In the Fellowcraft lectures we are finally reminded that we should continue to study the Seven Liberal Arts and Sciences so that we can continue to learn, to “polish and adorn the mind”. The Stonecutter went through a series of changes in an attempt to gain power and privilege but never learned or understood that sometimes the most important thing to remember is that you have everything you need already, right inside of you. I was reminded of the sculptor who when being praised for producing a remarkable sculpture and for having the talent to produce such a beautiful piece of work he remarked that the beauty was always there he simple helped by freeing it from the stone that kept it hidden.
Lastly then is the 2nd Stonecutter symbolic of the Lodge, our brothers who slowly help to expose that which is beautiful in each of us, helping good men be better by assisting them in finding all the good they have within themselves? Isn’t this the most basic concept that Masonry stands for; the promotion of self-improvement, encouraging our members to look within themselves and work toward being a better person.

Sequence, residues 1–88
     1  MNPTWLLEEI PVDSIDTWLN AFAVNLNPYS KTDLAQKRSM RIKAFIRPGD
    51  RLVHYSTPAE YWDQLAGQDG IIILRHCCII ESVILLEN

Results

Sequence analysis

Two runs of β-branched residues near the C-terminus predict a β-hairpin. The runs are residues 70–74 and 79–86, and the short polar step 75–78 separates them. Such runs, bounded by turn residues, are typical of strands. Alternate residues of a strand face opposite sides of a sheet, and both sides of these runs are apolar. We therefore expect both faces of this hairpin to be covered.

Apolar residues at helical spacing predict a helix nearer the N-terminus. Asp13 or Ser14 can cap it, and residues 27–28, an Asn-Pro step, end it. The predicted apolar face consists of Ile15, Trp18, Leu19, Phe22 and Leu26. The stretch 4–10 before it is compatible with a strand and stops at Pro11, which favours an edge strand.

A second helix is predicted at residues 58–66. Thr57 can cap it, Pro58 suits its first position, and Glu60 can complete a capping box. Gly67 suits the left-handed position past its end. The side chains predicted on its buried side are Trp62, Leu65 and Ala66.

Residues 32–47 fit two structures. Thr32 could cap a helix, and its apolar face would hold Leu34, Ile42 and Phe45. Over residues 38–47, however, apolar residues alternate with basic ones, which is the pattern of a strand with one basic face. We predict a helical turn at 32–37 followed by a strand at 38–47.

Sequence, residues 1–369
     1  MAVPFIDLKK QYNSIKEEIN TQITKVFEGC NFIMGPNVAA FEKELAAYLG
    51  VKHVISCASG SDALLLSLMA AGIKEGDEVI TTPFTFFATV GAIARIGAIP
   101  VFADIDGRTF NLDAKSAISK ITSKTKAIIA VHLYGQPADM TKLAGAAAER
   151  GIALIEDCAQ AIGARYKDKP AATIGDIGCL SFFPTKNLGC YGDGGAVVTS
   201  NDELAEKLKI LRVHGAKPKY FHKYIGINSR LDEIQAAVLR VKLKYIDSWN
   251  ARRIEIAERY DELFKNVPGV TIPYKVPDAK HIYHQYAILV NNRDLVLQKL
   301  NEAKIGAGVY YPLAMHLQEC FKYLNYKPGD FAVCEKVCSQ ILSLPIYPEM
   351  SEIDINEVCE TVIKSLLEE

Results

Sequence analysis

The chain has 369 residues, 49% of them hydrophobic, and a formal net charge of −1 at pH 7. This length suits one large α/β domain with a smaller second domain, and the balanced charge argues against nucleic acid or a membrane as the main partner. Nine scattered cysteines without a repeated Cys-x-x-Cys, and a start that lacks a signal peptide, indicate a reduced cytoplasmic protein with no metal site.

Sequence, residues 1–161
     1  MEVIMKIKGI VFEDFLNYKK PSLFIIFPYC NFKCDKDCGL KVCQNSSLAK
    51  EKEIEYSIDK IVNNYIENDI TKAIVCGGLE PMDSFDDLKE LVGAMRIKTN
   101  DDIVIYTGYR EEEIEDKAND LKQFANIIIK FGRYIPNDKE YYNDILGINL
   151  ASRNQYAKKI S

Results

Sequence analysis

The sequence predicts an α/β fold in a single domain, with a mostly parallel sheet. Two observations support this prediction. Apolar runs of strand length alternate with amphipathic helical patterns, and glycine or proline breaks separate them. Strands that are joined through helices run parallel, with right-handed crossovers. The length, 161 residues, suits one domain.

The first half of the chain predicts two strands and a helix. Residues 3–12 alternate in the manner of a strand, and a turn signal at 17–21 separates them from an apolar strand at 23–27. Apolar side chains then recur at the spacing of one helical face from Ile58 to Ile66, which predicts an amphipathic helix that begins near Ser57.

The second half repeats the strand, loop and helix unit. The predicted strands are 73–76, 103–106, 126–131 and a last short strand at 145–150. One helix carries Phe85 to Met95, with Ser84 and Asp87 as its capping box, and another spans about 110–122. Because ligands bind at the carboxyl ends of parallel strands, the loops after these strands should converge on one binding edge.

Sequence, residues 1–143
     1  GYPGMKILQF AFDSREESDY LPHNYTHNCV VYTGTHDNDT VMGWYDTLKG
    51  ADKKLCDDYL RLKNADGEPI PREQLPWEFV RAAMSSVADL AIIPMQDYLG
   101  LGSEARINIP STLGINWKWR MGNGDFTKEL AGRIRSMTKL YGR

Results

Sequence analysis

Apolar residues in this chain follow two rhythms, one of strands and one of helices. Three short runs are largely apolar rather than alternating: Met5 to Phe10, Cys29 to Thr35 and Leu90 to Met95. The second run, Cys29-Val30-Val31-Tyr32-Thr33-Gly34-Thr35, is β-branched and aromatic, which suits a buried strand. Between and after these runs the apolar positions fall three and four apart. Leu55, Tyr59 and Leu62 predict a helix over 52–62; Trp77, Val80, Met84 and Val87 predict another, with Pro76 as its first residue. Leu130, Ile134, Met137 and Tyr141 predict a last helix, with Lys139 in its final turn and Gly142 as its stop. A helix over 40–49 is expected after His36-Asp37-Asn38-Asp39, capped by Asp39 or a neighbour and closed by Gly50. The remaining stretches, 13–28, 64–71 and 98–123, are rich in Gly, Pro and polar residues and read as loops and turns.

So the question becomes are you going to be like the Stonecutter and try to be something you aren’t or are you going to draw your strength from the tools of operative masons, the Stonecutters, which we use to symbolize and teach the basic principles of brotherly love, charity, and truth which Masons are encouraged to practice in their daily lives.
Paper prepared by Bro. Don Anderson, Apollo Lodge #27, Stettler, Alberta October, 2006. Feel free to use as is or adapt to meet your needs.